Learn about the singer-songwriter genre in terms of chords and chord progression. The focus will lay on how to adapt to guitar playing in a way that connects to this music style.
How to define the singer-songwriter genre
A singer-songwriter is defined by many as an artist that performs their own songs, often with a sparse arrangement and the guitar as the most common instrument. Under the epithet singer-songwriter we find well-known names such as Bob Dylan, Neil Young, Joni Mitchell, Paul Simon and Ryan Adams.
Chords to know
Suggestions about the first chords you need including common major and minor chords plus some slash chords. See examples of progressions below.
The most frequent keys for composing on the guitar
The keys of C, D and G are all well suited for composing songs on the guitar for singer-songwriters. All these keys have many choices for open chords that sound great and right for the genre. The table below show which chords in particular to use for these keys:
If you want to write a song in the key of G, for instance, you could combine G, Am, Bm, C, D and Em in endless ways. These six chords could function as a starting point. You can deviate a bit by experiment with alternative chords. For example, Am could be Am/G, Bm could be Bm7, C could be Cadd, D could be D/F# and Em could be Em9.
The progressions in the singer-songwriter genre are not "standardized" as in blues. The following progressions are merely suggestions in the purpose of helping you getting a feel for the style and perhaps ideas for your own songwriting.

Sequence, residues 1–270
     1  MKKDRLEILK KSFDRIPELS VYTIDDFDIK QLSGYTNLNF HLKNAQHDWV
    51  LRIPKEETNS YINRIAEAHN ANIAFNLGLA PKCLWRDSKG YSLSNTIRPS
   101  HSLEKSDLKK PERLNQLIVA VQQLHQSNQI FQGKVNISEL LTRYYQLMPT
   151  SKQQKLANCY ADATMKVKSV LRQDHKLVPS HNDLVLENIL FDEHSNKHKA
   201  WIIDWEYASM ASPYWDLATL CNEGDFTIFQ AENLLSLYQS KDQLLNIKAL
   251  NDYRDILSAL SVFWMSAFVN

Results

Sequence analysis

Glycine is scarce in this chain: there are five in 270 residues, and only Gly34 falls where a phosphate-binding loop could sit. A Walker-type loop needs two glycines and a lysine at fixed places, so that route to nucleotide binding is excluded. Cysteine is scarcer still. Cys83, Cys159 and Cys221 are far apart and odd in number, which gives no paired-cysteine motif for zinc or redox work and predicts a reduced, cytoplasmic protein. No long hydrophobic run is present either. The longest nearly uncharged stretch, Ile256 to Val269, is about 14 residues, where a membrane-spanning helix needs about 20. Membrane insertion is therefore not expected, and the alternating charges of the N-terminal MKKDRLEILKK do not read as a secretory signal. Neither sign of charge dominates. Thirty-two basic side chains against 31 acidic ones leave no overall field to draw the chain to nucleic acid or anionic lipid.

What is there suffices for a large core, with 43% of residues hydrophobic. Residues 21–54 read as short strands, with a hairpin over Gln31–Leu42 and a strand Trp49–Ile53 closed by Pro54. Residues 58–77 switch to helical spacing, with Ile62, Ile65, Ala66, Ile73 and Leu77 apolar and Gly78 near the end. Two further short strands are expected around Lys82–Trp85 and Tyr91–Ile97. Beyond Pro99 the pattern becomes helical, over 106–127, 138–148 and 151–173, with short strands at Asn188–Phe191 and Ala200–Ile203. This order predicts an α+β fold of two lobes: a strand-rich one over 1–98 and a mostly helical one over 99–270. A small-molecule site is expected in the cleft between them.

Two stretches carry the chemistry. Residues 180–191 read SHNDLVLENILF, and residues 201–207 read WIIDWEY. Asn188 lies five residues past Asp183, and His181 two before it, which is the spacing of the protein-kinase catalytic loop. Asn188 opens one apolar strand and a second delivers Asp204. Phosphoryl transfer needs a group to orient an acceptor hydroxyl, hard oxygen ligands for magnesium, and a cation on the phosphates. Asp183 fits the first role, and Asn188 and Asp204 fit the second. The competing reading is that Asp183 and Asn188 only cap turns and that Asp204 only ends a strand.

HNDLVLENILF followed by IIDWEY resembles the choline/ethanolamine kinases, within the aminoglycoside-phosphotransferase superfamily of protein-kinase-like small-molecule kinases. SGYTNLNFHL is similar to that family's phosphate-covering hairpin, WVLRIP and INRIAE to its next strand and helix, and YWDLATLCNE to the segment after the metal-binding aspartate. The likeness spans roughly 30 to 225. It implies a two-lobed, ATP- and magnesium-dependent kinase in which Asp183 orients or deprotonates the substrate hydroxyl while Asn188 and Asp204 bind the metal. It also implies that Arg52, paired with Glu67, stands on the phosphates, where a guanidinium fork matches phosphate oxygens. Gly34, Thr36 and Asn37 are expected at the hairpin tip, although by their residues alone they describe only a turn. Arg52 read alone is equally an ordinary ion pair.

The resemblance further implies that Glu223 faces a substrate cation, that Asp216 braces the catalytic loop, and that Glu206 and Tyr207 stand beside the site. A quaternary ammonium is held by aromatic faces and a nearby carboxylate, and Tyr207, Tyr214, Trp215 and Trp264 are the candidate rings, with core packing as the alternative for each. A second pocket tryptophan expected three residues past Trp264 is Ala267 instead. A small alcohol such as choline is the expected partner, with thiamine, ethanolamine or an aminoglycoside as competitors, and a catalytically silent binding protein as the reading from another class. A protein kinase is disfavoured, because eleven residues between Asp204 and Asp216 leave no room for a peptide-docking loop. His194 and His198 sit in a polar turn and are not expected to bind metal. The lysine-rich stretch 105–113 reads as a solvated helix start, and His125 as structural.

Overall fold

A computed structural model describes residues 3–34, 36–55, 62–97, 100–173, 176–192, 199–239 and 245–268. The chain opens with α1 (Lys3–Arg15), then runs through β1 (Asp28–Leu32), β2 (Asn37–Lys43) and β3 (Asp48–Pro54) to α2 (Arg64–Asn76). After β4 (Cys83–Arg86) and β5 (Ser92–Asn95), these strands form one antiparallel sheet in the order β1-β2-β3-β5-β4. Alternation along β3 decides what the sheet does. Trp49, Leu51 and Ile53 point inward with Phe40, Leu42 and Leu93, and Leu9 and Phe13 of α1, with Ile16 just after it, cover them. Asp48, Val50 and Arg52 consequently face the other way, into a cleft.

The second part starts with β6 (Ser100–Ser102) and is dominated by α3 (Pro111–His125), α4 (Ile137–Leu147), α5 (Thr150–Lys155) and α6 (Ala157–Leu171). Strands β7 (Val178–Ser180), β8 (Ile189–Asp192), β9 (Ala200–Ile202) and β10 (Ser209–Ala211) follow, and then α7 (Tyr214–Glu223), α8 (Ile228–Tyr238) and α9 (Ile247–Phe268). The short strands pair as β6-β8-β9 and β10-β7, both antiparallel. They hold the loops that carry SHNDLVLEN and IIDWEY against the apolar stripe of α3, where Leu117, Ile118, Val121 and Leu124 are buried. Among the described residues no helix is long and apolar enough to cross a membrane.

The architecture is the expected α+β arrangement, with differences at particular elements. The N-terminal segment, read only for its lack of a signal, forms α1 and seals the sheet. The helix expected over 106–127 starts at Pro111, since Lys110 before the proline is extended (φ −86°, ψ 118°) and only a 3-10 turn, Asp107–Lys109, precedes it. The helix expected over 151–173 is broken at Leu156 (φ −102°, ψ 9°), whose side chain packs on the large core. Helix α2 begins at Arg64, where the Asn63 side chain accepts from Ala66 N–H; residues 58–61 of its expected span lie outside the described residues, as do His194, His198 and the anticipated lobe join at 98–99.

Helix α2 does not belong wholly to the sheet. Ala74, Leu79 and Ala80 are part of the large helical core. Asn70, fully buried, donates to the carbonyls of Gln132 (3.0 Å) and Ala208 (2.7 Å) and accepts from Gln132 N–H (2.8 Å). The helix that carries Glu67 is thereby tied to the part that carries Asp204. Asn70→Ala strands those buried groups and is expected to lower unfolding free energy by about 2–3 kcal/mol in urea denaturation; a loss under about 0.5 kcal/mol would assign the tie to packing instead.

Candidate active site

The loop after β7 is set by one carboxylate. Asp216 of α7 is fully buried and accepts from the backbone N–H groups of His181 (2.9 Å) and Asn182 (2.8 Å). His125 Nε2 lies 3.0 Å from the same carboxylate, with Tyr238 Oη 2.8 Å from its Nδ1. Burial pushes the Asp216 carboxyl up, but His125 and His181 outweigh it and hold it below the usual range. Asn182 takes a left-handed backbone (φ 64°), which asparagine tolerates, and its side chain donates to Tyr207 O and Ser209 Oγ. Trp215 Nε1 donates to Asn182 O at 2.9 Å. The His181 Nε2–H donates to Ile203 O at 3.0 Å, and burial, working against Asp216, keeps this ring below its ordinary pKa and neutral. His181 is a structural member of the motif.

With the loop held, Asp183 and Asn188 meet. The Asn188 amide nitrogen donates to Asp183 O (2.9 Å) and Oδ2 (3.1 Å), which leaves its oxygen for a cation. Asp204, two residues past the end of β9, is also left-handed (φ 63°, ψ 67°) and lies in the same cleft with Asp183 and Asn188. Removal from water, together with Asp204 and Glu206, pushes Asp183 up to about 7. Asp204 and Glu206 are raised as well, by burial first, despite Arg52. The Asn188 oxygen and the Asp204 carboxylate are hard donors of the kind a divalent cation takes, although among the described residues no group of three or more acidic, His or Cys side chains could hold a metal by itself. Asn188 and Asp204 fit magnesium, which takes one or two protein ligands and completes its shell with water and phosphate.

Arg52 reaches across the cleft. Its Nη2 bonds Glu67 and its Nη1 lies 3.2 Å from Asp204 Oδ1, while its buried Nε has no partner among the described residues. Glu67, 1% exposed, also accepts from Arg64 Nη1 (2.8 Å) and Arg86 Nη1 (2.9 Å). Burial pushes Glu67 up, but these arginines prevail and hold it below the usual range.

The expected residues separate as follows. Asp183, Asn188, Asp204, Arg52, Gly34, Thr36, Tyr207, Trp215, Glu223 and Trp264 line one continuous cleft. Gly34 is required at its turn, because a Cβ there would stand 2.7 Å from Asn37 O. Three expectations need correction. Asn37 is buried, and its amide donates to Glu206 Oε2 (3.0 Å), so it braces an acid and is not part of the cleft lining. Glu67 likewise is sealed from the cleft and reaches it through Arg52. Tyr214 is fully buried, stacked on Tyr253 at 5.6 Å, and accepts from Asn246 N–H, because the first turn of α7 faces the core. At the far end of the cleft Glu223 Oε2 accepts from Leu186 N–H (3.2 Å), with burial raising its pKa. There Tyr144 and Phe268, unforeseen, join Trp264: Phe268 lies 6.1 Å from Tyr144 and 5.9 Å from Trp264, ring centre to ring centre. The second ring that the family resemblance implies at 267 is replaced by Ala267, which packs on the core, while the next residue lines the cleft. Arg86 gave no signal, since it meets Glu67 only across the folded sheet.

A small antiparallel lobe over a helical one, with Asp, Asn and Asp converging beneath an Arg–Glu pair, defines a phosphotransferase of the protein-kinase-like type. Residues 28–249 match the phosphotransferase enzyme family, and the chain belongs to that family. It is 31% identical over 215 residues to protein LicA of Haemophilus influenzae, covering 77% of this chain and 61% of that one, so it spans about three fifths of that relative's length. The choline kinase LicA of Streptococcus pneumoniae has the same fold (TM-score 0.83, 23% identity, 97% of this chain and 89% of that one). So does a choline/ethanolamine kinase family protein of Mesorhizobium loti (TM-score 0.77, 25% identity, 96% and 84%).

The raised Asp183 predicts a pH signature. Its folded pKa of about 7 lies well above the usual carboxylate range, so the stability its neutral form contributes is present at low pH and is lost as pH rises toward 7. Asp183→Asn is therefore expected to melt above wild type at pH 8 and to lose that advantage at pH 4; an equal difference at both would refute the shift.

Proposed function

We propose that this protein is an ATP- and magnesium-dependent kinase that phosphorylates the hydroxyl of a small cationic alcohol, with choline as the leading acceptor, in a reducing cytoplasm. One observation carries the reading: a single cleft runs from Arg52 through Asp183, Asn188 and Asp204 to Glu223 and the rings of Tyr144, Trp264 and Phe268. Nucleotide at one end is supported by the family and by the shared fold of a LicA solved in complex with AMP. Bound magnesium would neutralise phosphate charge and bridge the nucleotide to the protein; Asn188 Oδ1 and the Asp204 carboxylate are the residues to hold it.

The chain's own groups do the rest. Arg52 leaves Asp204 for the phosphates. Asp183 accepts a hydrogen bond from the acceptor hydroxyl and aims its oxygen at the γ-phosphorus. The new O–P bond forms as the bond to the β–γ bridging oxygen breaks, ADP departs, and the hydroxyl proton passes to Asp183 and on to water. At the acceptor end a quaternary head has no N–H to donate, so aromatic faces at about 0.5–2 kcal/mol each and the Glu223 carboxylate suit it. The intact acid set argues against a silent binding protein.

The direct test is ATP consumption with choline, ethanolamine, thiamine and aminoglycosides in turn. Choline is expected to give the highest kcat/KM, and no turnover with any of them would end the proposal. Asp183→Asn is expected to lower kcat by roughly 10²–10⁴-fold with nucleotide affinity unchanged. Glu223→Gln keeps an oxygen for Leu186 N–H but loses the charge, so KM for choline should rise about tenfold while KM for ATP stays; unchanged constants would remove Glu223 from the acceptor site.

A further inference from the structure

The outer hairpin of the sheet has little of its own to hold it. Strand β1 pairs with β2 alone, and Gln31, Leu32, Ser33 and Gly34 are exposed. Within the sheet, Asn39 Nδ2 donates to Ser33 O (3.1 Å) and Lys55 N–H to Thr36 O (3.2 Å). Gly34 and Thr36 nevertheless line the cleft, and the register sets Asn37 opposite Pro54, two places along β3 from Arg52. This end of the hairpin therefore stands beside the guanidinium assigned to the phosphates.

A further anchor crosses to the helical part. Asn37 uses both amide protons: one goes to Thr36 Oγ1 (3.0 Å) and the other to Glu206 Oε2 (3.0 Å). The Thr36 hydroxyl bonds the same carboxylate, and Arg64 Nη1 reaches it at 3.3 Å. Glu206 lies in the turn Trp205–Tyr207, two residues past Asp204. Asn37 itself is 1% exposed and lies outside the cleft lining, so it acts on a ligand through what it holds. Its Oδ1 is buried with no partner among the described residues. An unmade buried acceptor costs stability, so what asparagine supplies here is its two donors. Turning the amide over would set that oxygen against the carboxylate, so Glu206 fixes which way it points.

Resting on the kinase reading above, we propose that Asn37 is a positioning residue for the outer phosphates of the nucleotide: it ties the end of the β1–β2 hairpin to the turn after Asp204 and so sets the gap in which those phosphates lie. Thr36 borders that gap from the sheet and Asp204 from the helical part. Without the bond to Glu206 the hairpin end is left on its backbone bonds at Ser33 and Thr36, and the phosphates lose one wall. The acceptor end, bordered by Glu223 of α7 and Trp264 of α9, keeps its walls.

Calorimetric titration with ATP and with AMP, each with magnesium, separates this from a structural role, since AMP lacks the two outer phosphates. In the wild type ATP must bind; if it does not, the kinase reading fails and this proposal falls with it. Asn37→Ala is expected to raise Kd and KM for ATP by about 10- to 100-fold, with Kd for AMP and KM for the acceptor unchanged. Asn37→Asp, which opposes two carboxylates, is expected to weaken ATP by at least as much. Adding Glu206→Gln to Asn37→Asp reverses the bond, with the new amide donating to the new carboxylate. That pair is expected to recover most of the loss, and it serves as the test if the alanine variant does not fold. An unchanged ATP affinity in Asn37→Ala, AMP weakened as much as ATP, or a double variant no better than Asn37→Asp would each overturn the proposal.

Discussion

Try both strumming and finger picking techniques or a mix between them to reach the best expression for different progressions.
Am – Am/G – F – C – Csus – G – Am
C – G/B – F/A – C/E – F – C/G – G – C
The above progressions could serve as intro or verse in a song.
G – Gsus2 (300033) – G – Csus2 – D
Notice that the fourth string (D-string) is played open throughout the progression. By using the G shape 320022 the D note is even more noticeable.
C – G/B – Am – F
Use finger picking for this one:
G – D/F# – Em
This sequence is used both in Eric Clapton's "Tears In Heaven" and Eric Frampton's "Baby I Love Your Way".
Alternating the bass note is a common approach and here's one example:
D - D/B - G - A
The singer-songwriter genre has, as implied earlier, no fixed rules regarding progressions. In some songs, there are few chords changes and the attention lays on the singers' expressions. As in Kris Kristofferson’s "Help Me Make It Throught The Night" or Bob Dylan’s "Girl From the North Country".
For more progressions, see for example Chord progressions in various keys.
Beside the choice of chords and progressions you could also create interest by some of the following methods:
1. Play the bass notes first and when the rest of the chord.
2. "Walk into" the chord through bass notes.
3. Use embellishments including sus chords and add chords.
4. Use dynamics (shift between playing calmer and louder).
5. Another thing you could try is open tunings such as DADGAD and CGDGCD.
Easy ways to record yourself
So you have written a song, composed for guitar, and you want to record it. How do you do that? You could rent a studio for some hundred bucks per hour, but you are probably looking for cheaper ways.
You need a microphone (an USB microphone is an easy alternative) and a recording software (a so-called DAW software).
See also the guide to songwriting.